Persistent ductus arteriousus (PDA): This is a hole that allows the blood to skip the circulation to the lungs, explains American Heart Association; every baby in the womb has one. But once they are born, this hole is supposed to close within a day or two. Small PDAs often close on their own within the first few months of life, explains Arora. “Most children can have the PDA closed by inserting catheters (long thin tubes) into the blood vessels in the leg to reach the heart and the PDA, and a coil or other device can be inserted through the catheters into the PDA like a plug,” it adds.
This is a form of haemoglobin that has been oxidised and cannot bind oxygen. As a result it cannot deliver oxygen to the tissues. It can be a congenital or an acquired condition.
The majority of people with congenital methemoglobinemia are asymptomatic except for cyanosis (only of cosmetic significance), but some forms may have serious morbidity, says Arora.
High levels of ingested nitrates and nitrites have been associated with methemoglobinemia. Some examples include making baby formula from well water, using unclean root vegetables, exposure to some mushroom types, antifreeze, aniline dyes.
Acquired methemoglobinemia can be severe or even fatal, depending on the proportion of methemoglobin. “High levels of ingested nitrates and nitrites have been associated with methemoglobinemia. Some examples include making baby formula from well water, using unclean root vegetables, exposure to some mushroom types, antifreeze, aniline dyes, while most commonly implicated medications include antimalarials like dapsone, topical anesthetic agents (benzocaine, lidocaine, prilocaine),” explains Dr Arora.
Dr Ravi Kumar adds: “The treatment is medical. Oxygen therapy and transfusions may be required. Baby foods and water containing high levels of natural nitrates must be avoided.”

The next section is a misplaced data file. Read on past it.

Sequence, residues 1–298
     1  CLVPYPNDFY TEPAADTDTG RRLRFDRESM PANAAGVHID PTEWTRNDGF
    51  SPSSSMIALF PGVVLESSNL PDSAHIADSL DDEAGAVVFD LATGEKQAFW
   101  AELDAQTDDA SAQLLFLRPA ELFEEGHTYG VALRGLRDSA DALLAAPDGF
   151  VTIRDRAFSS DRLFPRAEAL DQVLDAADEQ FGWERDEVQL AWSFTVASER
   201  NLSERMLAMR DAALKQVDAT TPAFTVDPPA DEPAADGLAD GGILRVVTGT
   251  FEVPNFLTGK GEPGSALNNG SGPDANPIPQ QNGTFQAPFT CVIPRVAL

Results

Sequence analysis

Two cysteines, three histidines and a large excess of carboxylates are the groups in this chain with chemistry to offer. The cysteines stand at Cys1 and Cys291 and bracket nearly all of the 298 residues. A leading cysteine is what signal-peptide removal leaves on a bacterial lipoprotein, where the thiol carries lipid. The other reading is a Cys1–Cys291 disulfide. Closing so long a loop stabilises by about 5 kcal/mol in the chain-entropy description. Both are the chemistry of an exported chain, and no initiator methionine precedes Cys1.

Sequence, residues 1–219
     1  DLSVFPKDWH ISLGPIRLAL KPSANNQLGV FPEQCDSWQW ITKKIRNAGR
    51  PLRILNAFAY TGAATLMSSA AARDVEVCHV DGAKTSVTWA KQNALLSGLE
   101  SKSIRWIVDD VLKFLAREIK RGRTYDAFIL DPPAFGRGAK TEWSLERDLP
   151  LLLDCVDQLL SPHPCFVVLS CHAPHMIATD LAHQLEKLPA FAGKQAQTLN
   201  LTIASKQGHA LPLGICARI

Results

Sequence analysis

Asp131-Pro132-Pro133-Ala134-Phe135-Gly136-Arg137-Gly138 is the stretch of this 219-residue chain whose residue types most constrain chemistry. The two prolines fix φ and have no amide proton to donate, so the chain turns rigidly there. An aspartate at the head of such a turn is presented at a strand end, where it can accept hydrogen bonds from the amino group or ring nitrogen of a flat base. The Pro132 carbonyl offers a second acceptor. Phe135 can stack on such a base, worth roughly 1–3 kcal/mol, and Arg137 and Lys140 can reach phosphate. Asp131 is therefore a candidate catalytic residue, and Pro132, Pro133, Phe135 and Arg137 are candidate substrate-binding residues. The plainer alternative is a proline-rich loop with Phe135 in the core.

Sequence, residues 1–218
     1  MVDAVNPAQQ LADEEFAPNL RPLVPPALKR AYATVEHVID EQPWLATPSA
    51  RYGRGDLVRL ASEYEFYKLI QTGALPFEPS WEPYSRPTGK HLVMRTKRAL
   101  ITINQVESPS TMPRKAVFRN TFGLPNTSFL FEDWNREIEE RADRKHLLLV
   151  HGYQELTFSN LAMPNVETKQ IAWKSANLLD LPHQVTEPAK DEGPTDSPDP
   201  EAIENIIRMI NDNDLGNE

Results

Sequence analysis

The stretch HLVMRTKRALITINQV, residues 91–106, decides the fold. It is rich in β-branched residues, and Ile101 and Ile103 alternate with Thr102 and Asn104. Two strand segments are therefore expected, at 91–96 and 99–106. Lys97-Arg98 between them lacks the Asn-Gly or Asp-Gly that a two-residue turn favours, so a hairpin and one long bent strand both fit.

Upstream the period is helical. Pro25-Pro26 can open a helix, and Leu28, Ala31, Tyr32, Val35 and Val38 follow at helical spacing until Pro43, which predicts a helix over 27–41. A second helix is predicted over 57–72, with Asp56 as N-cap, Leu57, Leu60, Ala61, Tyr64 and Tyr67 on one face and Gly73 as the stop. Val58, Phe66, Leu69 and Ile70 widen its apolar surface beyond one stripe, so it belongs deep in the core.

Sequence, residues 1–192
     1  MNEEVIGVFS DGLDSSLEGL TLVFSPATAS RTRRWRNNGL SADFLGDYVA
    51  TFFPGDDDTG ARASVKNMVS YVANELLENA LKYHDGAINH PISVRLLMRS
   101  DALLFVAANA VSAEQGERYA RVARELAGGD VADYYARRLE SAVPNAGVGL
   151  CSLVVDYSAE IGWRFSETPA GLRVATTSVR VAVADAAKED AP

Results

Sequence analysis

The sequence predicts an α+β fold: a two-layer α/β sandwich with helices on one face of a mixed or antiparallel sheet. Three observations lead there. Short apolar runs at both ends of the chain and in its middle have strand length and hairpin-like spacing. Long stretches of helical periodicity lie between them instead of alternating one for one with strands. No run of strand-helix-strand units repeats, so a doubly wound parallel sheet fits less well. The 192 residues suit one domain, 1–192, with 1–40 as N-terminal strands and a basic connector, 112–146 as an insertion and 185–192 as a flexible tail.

What are the symptoms?
Here’s a look at some general symptoms – these may vary depending on the cause of the ailment, explains Dr Arora.
Common and not so dangerous:
- Always cranky and crying,
- Excess salivation, diarrhoea, vomiting,
- Feeding tantrums,
- Slow growth,
- Clubbed’/swollen fingertips and toes,
- Murmuring sounds in baby heart, and
- Weight loss,
- Cold baby,
- Rapid breathing,
- Racing heartbeat,
- Poor pulse detected by the doctor, and
- State of shock and fainting in extreme cases.
What are the tests undertaken to diagnose Blue Baby Syndrome?
It’s not enough to rely on anecdotal evidence in this case. There are a number of tests that must be undertaken, explains Dr Arora.
Blood examinations such as a full blood count, blood gasses – a group of tests to measure the pH and the amount of oxygen and carbon dioxide resent in blood sample.
Tests for lungs:
- Chest X-ray
- Oxygen saturation.
Tests for the heart:
- Electrocardiogram (EKG).
- Cardiac Catheterisation.
What’s the prognosis for someone with Blue Baby Syndrome? What are the treatments?
While treatment depends on the underlying cause, it involves prevention by way of prenatal tests and acute observation. Other important treatment routes are:
- Some medications and counselling might be required for inherited methemoglobinemia.
- For acquired causes, ascorbic acid or Vitamin C, methylene blue or oxygenation are used, depending on the case.
In case of structural issues, explains Dr Arora, corrective and palliative heart surgeries will be done. Some of the underlying heart defects have very good surgical outcomes with a normal life longevity if diagnosed and done at the right time in infancy.
With her years of research and experience, Taussig came up with an idea for a surgical procedure to fix the issue. In 1944, she and another surgeon performed the operation for the first time, with successful results. They then repeated it successfully on two more patients. Soon, the technique was used in operation theatres worldwide.